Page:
Face masks and social distancing are still mandatory. 

Indiana Gov. Eric Holcomb announced Wednesday that the state will move to Stage 5 of its reopening plan Saturday, which allows restaurants to operate at full capacity. 

Bar sections in restaurants are also allowed full capacity, but customers must be seated. The same is true for regular bars and nightclubs. Gyms and fitness centers may resume normal operations, as well. 

Face masks and social distancing are still mandatory, but size limitations will be removed for social gatherings. Organizers of events that include more than 500 must submit a written plan to their local health department.

Since July 4, Indiana has operated under Stage 4.5, which allowed 75 percent capacity in dining rooms, 50 percent capacity at bar sections in restaurants, and 50 percent capacity at bars and nightclubs.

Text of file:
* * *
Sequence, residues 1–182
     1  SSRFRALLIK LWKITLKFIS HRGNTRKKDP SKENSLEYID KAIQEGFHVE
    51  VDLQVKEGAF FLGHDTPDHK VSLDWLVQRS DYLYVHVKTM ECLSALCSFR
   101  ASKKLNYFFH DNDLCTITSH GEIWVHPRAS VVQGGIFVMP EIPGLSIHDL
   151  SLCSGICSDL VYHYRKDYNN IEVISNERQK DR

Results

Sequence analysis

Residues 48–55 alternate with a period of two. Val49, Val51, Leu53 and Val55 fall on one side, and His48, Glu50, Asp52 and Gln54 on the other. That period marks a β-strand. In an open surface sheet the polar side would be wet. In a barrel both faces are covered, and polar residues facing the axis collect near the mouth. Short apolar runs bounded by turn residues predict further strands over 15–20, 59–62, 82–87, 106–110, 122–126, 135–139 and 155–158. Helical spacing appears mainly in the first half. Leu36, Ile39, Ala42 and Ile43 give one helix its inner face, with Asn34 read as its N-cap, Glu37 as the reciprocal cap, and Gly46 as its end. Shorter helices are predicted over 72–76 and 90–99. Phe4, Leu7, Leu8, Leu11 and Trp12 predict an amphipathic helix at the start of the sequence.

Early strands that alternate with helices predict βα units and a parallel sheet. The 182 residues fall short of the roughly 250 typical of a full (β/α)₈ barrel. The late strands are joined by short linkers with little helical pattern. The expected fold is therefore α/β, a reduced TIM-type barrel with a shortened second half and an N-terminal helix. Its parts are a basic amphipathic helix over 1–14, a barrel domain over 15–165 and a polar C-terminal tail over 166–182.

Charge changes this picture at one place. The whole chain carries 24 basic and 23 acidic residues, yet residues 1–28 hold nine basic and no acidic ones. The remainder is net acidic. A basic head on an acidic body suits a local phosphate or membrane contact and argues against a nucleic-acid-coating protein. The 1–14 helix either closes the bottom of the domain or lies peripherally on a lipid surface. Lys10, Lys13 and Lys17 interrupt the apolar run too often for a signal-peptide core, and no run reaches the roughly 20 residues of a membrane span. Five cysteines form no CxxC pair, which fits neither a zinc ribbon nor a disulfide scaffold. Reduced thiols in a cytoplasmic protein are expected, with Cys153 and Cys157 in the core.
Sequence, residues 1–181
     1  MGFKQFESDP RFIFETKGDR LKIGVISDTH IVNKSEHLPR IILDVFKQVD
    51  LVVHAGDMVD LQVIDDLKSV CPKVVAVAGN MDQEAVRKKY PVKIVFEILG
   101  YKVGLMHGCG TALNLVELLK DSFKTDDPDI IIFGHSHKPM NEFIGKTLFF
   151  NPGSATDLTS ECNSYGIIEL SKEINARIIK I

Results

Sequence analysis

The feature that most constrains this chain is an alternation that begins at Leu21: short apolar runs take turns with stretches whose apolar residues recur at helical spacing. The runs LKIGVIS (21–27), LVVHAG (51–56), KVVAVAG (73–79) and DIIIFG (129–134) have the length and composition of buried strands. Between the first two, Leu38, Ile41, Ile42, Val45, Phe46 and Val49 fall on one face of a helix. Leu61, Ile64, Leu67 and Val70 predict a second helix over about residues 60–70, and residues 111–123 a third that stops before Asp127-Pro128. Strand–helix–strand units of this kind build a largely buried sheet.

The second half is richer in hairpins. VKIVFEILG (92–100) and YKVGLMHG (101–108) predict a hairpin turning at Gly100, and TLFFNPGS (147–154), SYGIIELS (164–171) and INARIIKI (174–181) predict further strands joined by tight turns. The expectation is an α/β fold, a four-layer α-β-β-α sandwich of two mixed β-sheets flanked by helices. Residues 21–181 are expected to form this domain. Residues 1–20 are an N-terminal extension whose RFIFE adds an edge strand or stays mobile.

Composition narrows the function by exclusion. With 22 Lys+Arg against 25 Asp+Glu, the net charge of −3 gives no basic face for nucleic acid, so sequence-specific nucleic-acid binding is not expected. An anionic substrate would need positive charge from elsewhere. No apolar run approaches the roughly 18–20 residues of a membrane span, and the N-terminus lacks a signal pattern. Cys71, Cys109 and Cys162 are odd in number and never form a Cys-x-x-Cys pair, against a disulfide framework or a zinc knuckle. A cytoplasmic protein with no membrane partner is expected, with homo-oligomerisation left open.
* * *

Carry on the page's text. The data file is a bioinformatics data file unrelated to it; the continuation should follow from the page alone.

“These better hygiene practices during a pandemic, they’re always important, but even now, they’re highlighted and heightened in terms of their importance,” Holcomb said during Wednesday’s press conference. “We have to be ever mindful of that if we want to continue to really separate ourselves in terms of comparing to others around not just the country, but around the world. We have been very steady Eddy, very methodical about this, very data driven and that’s how we’ll continue to be.”

Holcomb said that in July, the state’s seven-day positivity rate hovered between 6 to 6.5 percent. Now, it’s lowered to roughly 4 percent. The state is testing about 15,000 people per day. 

The state uses a color-coded map to track the spread of COVID through cases per capita and positivity rate. Holcomb said most counties are blue, which is the lowest amount of spread. 

While the Hoosier State is moving forward, other parts of the country are just arriving at bringing indoor dining back. New York City isn’t allowing indoor dining until September 30. Under California’s color-coded tier system, San Francisco is currently allowed to have indoor dining, but the city is choosing to wait until at least after the end of September. Los Angeles, still classified as widespread, is still relegated to outdoor dining and off-premises. 

Consumer Trends, Feature